July 27-39, 2007

[Frida Khalo: 100 Years]

We arrived in Mexico City Friday afternoon and headed directly to our hotel in the Roma district. The new Quality Inn was inexpensive and we were upgraded to a grand room with its own jacuzzi tub.

[Signing In at Quality Inn] [Quality Inn Roma] [Room with Jacuzzi]

Then we were off by Metro (2 pesos) and taxi to Coyoacán to "Casa Azul" where Frida lived and worked for so many years.

[Frida Khalo Museum] [Frida 100 Years] [Frida Banner]

The Gardens of the compound were beautiful with a tine café where we enjoyed a drink at the end of the tour. The tour through the house and studios contained many photographs, letters, paintings and sketches of Frida and Diego and their busy life in Mexico, Detroit, New York and Europe where they had become the toasts of society despite their leftist views.

[Casa Azul gardens] [Casa Azul gardens] [Casa Azul garden café]

The gardens were also a great spot to take pictures of Jim, our traveling companions, Buddy and Gerry and the two of us in front of the mock pyramid fountain.

[Jim] [Buddy and Jerry] [Jim and Robin]

Throughout the compound were large paper maiché figures, a favorite of Frida's. The stone upper floor with large windows was the studio for Frida and Diego.

[Mexican figures] [Mexican figures] [Art Studio]

The next day we headed for downtown Mexico City to the famed Bellas Artes Theater and Exhibition Rooms for the official Frida Centenary Exposition.

[Bellas Artes] [Bellas Artes] [Bellas ArtesStatue]

Despite hundreds of people attending the show, we were finally able to get into the three floors of the theater's entry halls for the displays of photos, memorabilia, letters and art work.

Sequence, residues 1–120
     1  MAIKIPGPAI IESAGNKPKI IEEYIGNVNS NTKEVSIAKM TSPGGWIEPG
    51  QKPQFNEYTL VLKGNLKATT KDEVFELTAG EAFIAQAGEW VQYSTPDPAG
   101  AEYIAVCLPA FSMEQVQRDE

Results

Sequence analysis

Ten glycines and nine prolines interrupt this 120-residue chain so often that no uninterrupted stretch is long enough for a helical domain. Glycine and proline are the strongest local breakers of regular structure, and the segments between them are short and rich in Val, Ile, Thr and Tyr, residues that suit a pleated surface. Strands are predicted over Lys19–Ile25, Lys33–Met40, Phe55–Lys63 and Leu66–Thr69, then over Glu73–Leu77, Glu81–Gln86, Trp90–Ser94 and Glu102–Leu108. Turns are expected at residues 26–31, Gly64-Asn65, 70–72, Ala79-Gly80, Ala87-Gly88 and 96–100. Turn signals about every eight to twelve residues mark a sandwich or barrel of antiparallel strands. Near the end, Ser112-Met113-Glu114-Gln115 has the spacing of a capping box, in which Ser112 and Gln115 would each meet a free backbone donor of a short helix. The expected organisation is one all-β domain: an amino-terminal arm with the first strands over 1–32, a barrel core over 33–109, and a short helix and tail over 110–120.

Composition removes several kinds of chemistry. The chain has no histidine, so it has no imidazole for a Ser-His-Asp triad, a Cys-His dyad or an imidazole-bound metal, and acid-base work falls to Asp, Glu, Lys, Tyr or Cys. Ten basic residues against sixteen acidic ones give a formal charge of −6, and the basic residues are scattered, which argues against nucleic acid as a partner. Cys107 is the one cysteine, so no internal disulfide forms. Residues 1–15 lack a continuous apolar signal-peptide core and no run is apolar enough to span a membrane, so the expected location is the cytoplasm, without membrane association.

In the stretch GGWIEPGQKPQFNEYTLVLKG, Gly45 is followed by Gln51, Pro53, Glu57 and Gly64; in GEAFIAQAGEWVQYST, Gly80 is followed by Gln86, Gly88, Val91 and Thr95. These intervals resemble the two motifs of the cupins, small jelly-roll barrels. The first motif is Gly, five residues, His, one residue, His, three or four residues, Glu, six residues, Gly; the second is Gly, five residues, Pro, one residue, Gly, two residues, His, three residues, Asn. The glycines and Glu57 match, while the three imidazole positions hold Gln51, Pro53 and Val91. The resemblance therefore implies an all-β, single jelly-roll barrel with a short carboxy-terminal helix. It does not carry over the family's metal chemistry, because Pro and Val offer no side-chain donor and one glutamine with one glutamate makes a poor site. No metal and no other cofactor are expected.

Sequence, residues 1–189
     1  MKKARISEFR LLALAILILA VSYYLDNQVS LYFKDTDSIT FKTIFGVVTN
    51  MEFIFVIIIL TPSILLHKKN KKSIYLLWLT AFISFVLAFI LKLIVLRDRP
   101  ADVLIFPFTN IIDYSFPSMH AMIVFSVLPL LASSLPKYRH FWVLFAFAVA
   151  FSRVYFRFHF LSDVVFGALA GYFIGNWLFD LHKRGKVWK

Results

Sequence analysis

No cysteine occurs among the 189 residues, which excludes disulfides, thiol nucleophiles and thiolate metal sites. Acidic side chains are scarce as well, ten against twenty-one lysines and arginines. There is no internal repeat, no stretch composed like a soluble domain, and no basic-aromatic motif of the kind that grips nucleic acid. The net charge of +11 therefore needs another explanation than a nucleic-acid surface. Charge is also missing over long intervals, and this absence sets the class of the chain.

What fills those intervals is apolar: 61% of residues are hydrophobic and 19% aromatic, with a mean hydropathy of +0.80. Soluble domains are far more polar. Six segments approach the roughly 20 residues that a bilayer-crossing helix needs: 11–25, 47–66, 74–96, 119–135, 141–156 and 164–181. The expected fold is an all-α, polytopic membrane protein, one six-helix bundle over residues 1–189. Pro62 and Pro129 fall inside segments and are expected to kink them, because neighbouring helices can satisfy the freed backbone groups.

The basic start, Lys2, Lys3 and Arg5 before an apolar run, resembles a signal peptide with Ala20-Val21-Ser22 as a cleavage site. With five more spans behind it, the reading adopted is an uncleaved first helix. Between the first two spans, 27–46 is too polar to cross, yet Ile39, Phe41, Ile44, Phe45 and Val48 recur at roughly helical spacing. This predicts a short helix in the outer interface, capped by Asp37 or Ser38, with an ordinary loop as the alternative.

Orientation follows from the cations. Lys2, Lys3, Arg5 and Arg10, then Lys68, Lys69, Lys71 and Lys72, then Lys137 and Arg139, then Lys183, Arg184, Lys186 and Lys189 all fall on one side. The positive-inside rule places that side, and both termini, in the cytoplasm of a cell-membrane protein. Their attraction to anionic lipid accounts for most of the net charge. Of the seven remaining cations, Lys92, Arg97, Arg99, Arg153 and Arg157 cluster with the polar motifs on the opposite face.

[Bellas Artes Lobby] [Bellas Artes Dome] [Bellas Artes Lobby Display]

After seeing several murals by Diego Rivera along with all Frida's art work, we had lunch in the Lobby Café, but resisted buying a Frida T-shirt.

[Diego Rivera Mural] [Lunch with Buddy and Jerry] [Fria T-Shirt]

Another must on a trip to Mexico City is to visit the Zocalo where demonstrations are held in its huge open plaza and where important buildings such as the Cathedral and Presidential Palace are located. Behind the Cathedral just off the Zocala, archeological digs and displays have been set up to show the ruins of the Aztec temple destroyed by the early Spanish conquerors.

[Cathedral] [Aztec Archeological Site] [Presidential Palace on Zocalo]

The plaza was filled with vendors, performers and this young Indian man performing a spiritual cleansing for passers-by. This is also a favorite place for family visits with young children.

[Spiritual Cleansing] [Young Boy] [Presidential Palace]

At the entrance to the Palace we noted the second floor balcony where Mexico's President each September 16th performs the famed "Grito" first uttered by national hero Father Hildago.

[Presidential Balcony] [Palace Courtyard] [Rivera Murals]

We took a guided tour of Diego Rivera's famous murals in the staircase and throughout the second floor of the Palace. These murals celebrate the history, religion, politics and life of the Mexican people from ancient times to modern times.

[Rivera Staircase Mural] [Rivera Staircase Mural] [Rivera Staircase Mural]

[Rivera Murals] [Rivera Murals] [Rivera Murals]

Also located on the second floor of the Palace is the Ceremonial Council Chamber.

[Council Chamber] [Council Chamber] [Council Chamber]

En route back to the hotel we walked through the Roma district and came upon the elegant Plaza de Rio de Janerio with the famous statue of David in a wonderful fountain. Around the square were many elegant nineteenth and early twentieth century homes. We all decided that just two days was not enough time to really enjoy the city. We all vowed to return very soon.

[Rio de Janerio Plaza home] [David in Rio de Janerio Plaza fountain] [Rio de Janerio Plaza home]

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Mexico City July 2007

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